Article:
Jackie Vestal's days are an emotional grinder.
Each morning brings hope this might be the day she is reunited with Maddox, her 7-year-old miniature pinscher who went missing Christmas Eve.
But as morning gives way to afternoon and afternoon gives way to evening, the hope gradually fades and she becomes consumed with angst and worry about where her 12-pound dog might be.
“I always wake up thinking today will be the day that we'll get that call and I get hopeful, but the nights are so hard,” Vestal said. “Then the process repeats itself all over again the next day.”
Vestal and her husband, Brandon, are from the Los Angeles area and were in town for the holidays to see her in-laws. Once in Oklahoma City, the family decided to take a quick overnight trip to Dallas, leaving Maddox with a family friend who lives in the 11000 block of Camelot Drive in northwest Oklahoma City.
Maddox escaped by darting out of a garage when the door was opened and has been missing since.
Her husband has returned to the couple's home in California to resume work, but Jackie has remained in Oklahoma City. She took a leave of absence from her job as a systems analyst for a commercial real estate company.
“Maddox is like a child to me,” she said. “I consider him to be a part of our family. He's my little baby, and I know he needs me. When my mother died four years ago, he helped me get through it. I know he wouldn't give up on me, so I'm not going to give up on him.”
Vestal's days are spent checking out possible sightings. Laminated posters of Maddox can be found on utility poles and street corners all over Oklahoma City.
“If I get calls from people, I rush out to see if it is him,” she said. “I've ended up saving other min pins that have been abandoned. I've literally been walking creeks to try to find him and keeping up with social networking.”
Vestal has even brought in a heavy hitter to aid in the search, hiring Karin TarQwyn, a Nebraska-based private investigator who specializes in lost pets. TarQwyn has brought her team of dogs to Oklahoma City twice in an effort to locate Maddox.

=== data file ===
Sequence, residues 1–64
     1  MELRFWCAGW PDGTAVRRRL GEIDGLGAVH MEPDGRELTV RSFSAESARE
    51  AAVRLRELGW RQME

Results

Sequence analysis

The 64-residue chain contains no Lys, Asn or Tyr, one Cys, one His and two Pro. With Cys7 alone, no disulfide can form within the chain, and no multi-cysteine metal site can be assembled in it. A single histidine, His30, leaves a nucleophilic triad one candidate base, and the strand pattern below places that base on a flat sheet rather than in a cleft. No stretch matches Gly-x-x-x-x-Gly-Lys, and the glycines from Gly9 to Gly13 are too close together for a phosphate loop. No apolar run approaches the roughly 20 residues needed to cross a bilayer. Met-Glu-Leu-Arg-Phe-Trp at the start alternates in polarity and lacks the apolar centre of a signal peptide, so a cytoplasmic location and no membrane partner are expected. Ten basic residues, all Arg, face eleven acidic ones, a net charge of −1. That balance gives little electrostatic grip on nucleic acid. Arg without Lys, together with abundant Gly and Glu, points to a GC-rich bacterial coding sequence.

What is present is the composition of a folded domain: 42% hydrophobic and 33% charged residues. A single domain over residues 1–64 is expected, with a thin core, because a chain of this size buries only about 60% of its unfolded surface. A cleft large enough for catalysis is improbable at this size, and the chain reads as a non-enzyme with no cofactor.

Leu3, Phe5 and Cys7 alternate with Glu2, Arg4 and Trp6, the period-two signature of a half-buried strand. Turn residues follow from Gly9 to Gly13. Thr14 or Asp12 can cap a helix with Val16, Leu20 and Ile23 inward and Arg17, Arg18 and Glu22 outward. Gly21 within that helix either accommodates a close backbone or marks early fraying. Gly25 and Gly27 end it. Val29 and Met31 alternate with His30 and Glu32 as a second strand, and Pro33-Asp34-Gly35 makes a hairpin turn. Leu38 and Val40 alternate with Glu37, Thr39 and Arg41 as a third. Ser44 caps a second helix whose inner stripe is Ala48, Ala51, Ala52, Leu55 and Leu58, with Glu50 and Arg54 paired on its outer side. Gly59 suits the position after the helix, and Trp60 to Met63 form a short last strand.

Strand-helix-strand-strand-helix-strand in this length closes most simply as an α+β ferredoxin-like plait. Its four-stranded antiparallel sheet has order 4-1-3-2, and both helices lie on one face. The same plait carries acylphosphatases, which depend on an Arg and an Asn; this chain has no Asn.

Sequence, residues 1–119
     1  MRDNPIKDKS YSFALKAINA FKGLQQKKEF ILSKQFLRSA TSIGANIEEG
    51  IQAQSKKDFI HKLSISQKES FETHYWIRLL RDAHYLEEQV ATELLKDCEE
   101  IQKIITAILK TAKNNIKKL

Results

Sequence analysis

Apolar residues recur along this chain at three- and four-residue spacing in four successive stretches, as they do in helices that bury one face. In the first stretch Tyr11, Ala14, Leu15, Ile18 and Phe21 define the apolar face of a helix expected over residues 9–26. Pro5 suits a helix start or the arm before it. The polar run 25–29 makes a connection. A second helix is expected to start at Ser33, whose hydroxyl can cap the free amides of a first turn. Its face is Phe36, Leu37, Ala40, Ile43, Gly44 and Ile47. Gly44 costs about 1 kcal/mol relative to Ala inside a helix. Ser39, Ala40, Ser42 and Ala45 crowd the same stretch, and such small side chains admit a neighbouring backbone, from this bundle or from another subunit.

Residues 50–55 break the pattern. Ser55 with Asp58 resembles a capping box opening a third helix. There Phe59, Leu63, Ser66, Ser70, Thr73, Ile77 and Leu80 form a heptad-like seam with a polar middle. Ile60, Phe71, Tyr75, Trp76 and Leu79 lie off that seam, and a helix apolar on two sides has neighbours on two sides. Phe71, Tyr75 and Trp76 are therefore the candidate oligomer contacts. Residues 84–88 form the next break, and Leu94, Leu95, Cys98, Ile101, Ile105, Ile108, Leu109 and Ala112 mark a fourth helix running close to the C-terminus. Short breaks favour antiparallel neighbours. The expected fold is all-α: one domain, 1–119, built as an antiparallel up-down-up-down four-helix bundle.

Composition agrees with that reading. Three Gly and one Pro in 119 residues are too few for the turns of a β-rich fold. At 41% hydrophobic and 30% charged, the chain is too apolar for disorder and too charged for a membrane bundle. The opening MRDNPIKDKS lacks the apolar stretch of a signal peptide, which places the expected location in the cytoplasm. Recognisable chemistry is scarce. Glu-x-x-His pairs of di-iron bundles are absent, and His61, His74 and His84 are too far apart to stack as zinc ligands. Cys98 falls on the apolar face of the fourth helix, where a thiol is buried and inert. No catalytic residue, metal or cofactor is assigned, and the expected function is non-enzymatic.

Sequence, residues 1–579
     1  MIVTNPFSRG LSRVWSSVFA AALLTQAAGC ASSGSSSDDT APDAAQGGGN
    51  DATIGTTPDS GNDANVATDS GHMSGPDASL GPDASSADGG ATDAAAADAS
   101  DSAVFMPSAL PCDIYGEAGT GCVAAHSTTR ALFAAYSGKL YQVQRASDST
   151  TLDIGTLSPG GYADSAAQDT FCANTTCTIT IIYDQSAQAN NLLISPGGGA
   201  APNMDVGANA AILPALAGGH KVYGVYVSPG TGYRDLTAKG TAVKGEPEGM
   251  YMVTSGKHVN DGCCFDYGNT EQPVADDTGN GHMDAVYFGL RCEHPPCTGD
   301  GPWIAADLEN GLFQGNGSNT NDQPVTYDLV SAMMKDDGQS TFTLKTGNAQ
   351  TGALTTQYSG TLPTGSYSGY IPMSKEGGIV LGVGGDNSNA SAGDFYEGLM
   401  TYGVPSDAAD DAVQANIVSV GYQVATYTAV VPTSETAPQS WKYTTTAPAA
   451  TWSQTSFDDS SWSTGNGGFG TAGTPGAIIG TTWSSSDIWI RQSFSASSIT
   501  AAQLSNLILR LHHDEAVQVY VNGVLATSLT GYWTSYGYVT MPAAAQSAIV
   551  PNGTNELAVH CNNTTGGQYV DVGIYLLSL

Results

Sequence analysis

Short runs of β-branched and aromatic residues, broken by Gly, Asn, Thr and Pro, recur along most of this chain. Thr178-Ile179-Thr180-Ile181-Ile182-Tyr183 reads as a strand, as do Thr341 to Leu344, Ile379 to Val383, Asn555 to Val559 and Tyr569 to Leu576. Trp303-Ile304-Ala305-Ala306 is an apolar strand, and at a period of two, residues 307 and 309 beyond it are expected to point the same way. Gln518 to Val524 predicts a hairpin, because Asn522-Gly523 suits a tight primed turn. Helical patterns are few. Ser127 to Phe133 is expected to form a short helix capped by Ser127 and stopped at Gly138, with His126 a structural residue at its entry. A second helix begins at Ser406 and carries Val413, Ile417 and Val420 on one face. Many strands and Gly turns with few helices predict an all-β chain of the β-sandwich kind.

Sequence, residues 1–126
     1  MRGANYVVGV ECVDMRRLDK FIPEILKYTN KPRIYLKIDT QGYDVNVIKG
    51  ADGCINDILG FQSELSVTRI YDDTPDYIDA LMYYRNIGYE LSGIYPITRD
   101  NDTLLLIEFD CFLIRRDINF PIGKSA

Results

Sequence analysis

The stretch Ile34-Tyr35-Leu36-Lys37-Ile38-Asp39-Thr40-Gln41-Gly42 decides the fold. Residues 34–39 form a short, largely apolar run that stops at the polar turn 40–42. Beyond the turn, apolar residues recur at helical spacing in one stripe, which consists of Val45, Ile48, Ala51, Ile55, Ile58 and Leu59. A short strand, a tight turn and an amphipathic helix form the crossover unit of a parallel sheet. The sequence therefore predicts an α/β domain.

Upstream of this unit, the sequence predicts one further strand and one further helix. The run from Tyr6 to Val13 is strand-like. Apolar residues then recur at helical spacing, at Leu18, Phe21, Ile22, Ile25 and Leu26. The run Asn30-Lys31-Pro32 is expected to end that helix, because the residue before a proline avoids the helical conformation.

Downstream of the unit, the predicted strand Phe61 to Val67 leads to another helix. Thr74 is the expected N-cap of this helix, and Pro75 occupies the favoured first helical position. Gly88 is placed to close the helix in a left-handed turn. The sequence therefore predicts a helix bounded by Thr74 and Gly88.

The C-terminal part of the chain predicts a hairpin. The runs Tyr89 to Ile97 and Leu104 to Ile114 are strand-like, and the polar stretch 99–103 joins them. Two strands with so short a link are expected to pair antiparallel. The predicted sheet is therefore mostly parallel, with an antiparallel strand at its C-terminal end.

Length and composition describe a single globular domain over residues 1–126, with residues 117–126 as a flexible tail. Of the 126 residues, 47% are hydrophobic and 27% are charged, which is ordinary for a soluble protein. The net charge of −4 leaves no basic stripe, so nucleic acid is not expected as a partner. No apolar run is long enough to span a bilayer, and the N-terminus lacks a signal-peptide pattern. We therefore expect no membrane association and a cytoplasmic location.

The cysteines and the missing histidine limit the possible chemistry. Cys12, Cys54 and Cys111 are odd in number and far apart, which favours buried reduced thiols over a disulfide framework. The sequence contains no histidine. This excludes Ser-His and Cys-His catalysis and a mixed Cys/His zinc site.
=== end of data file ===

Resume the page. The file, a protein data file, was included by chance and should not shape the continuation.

There was at least one sighting in northwest Oklahoma City and TarQwyn's dogs have tracked his scent around a four-square-mile area around his last reported location.
TarQwyn said she regularly finds dogs that have been missing for a month or longer. She said Maddox's case is challenging because his profile is that of a dog that wants to roam.
“He is aloof and skittish and when a dog goes missing from an area that they are not familiar with, that's not their home territory, they tend to roam,” TarQwyn said. “And that's what Maddox has done. He's covered a fairly large area.”
Maddox's 12-pound size and short coat might seem to make him vulnerable, but having tracked miniature pinschers in the past TarQwyn said they are resilient.
“Contrary to what a lot of people think, these dogs don't generally succumb to elements,” she said. “Sometimes there are accidents, but most of the time these dogs are survivors. They want to live.”
For Maddox to be found, TarQwyn said his face will have to stay in the public eye and he also will have to stay in an area for at least two or three days. Maddox has been traveling along creek beds and in fields. He has been tracked to a road just once during the search.
“The biggest issue is keeping the dog on people's minds,” she said. “We also need him to slow down.”
But even though the two-month anniversary of his disappearance is approaching, Vestal remains hopeful. She has created a Facebook page that has more than 1,000 likes. Several people have come forward to volunteer to check local shelters for Maddox on a rotating basis.
“The support has been amazing and it really helps me get through this,” Vestal said. “It gives me a lot of hope. I know he's out there, and I can't wait to see him again.”
Vestal can be reached at 615-3279 or (323) 217-9337. An unspecified reward is being offered.
I always wake up thinking today will be the day that we'll get that call and I get hopeful, but the nights are so hard. Then the process repeats itself all over again the next day.”
Her 7-year-old miniature pinscher went missing Christmas Eve.